A few weeks ago, I wrote a story looking back on Penn Manor High School’s old West Gymnasium, which is due for demolition this summer.
As I was putting it together, just about everyone I spoke with mentioned another court with a rich history that is now no longer. A court that was once inside an old tomato barn in Washington Boro. A barn that has since been renovated into a post office, but for more than half a century had previously served two functions: a tomato barn during the spring and summer months, and an indoor basketball court during the cold winter months.
Penn Manor girls basketball all-time leading scorer Carol Flinchbaugh (Class of 1989) played there. So did Mike Wisler, a 1990 Columbia grad and the Lancaster-Lebanon League’s boys basketball all-time leading scorer.
Wally Walker, a future ACC Player of the Year and two-time NBA champion who is arguably Lancaster County's greatest basketball product, jelled there with his Penn Manor teammates, with whom he won two county championships in 1971 and 1972. Their coach, Harry Frey (Class of 1959), also played there in his youth.
"In my day they had a county basketball league that played there," Frey said. "We played there year-round except for the summer. No heat. It was cold. You learned to play that way."
Learning the history of this court has been an adventure of sorts, considering the barn was first constructed in the summer of 1934, when 21 growers formed the Washington Boro Tomato Growers’ Association and erected a building, measuring 36 by 60 feet, according to LNP|LancasterOnline archives.
It came at a time when the tomato industry in Washington Boro was highly popular and more than 200,000 plants grew along the edge of the Susquehanna River. After the plants were picked, tomatoes were sorted and boxed in the barn.
“There was a conveyor belt where we would sort the good tomatoes from the bad tomatoes,” said Barry Smith, a starter on Penn Manor’s early 1970s basketball teams. “There were stacks of cardboard boxes that the tomatoes would be packed in. They were shipped to New York and Philadelphia, to restaurants, as well as to Heinz and Hunt’s for ketchup. We would load tractor-trailer loads in the evenings, box after box of tomatoes.”
When the tomato season ended and the months grew colder, the conveyor belt was pushed to the side and the interior of the barn cleared out.
“The floor was an actual hardwood basketball court,” Smith said. “All the stains from tomato juice would have been on it.”
The legs of the conveyor belt left soft spots in the wood.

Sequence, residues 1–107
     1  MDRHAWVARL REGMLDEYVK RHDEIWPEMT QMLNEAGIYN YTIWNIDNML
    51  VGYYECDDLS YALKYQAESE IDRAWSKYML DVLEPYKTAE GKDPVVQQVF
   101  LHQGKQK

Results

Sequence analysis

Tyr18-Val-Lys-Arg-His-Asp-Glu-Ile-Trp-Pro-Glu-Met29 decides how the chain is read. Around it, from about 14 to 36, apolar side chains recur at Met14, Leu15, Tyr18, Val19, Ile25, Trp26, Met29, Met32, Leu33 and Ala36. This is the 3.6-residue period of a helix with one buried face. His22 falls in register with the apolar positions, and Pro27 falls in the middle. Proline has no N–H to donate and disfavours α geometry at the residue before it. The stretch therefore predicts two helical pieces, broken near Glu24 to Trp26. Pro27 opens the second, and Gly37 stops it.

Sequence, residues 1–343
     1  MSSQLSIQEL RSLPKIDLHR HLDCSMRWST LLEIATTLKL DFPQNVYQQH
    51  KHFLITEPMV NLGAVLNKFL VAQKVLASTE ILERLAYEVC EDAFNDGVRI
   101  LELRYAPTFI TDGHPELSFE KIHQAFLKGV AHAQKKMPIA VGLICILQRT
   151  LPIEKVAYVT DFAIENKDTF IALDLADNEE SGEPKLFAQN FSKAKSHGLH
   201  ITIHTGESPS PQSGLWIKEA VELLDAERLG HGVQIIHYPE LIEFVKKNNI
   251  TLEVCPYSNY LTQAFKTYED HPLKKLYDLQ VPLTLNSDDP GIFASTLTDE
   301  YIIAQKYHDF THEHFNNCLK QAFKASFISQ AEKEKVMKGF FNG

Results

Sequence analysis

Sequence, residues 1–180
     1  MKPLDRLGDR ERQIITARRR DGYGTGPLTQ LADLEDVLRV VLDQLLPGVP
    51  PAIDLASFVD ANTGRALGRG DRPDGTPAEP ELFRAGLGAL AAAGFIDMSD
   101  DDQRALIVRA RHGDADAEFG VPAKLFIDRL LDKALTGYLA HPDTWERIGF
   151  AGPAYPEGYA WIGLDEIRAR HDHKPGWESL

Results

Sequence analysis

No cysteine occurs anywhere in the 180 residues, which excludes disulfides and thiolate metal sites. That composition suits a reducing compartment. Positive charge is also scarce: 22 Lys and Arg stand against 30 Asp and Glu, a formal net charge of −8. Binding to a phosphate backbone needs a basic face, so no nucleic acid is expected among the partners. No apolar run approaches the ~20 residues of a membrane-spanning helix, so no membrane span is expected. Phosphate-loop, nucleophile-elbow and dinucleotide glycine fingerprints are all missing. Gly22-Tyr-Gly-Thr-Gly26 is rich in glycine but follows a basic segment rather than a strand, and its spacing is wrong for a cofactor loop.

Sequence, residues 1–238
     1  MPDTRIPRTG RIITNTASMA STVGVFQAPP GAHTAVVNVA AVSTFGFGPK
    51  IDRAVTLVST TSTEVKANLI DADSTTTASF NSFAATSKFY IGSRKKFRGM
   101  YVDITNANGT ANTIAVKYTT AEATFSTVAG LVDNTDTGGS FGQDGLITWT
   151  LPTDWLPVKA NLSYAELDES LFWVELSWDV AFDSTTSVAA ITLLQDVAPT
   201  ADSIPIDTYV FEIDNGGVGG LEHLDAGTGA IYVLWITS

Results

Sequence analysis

“We local guys knew where the soft spots were,” Smith said. “So if a team would come in from out of town, when you’re playing defense and the person dribbling the ball up the floor hit the soft spots, we pickpocketed them.”
Baskets hung flush against each end wall.
“It made the baseline treacherous,” Smith said. “As a defender, if you drove around me, I’d drive you right into the wall.”
The wall served as a de facto out-of-bounds line, given the tight confines.
“We also sometimes jumped off the wall and dunked the ball,” Gregory Kane said.
Kane, a Washington Boro resident, is the grandson of the late Emerson Kane Sr., a former Washington Boro mayor and Columbia Hospital director who was the Tomato Growers’ Association president for more than three decades, beginning with its founding in 1934 (he also served in World War I, as Army sergeant first class in France).
Emerson Kane’s name also shows up in newspaper clippings from the 1930s of box scores for a Washington Boro summer league basketball team, so perhaps he was responsible for turning the tomato barn into a basketball court in the winter months.
Unfortunately, that answer is lost to time.
“I’m guessing somewhere along the line somebody thought it would be a good idea to have an indoor court in there,” Gregory Kane said.
The Washington Boro Tomato Growers’ Association came to an end in 1969, when the barn was sold to the Funk family, who slowly got out of the tomato business over the next 30 years.
“Our generation went in different directions,” Tim Funk said. “When you grow up bending over picking tomatoes you try to figure out what else you want to do in life.”
A. Steven Funk later founded and currently operates the popular Tomato Barn along Route 999 in Washington Boro.
Meanwhile, Wes Funk renovated the old Tomato Growers' barn, located at 10 Elizabeth Street, into a post office in 2000, but in doing so gutted the interior and discarded the baskets that hung on the walls.
However, Smith has a framed piece of the barn’s original hardwood court in his Washington Boro home. Other than the bones of the barn, it’s perhaps the last remnant of a court with decades of memories.
“The Growers was really the icon in this area,” Smith said.
“It was one of those places where kids went and played basketball and didn’t get into any kind of trouble,” Frey said. “Everybody was civil about it. It was a good community project, to tell you the truth.”